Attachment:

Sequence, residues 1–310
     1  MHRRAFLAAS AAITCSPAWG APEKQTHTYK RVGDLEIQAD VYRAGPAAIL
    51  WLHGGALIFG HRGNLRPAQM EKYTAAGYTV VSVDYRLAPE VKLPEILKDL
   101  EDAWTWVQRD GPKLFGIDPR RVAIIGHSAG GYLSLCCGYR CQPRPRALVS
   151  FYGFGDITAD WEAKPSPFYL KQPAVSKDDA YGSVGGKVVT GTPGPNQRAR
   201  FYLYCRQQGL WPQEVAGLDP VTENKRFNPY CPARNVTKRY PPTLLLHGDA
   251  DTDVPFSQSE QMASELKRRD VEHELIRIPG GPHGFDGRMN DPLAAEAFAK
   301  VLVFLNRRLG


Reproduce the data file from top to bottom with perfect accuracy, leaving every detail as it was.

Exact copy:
Sequence, residues 1–310
     1  MHRRAFLAAS AAITCSPAWG APEKQTHTYK RVGDLEIQAD VYRAGPAAIL
    51  WLHGGALIFG HRGNLRPAQM EKYTAAGYTV VSVDYRLAPE VKLPEILKDL
   101  EDAWTWVQRD GPKLFGIDPR RVAIIGHSAG GYLSLCCGYR CQPRPRALVS
   151  FYGFGDITAD WEAKPSPFYL KQPAVSKDDA YGSVGGKVVT GTPGPNQRAR
   201  FYLYCRQQGL WPQEVAGLDP VTENKRFNPY CPARNVTKRY PPTLLLHGDA
   251  DTDVPFSQSE QMASELKRRD VEHELIRIPG GPHGFDGRMN DPLAAEAFAK
   301  VLVFLNRRLG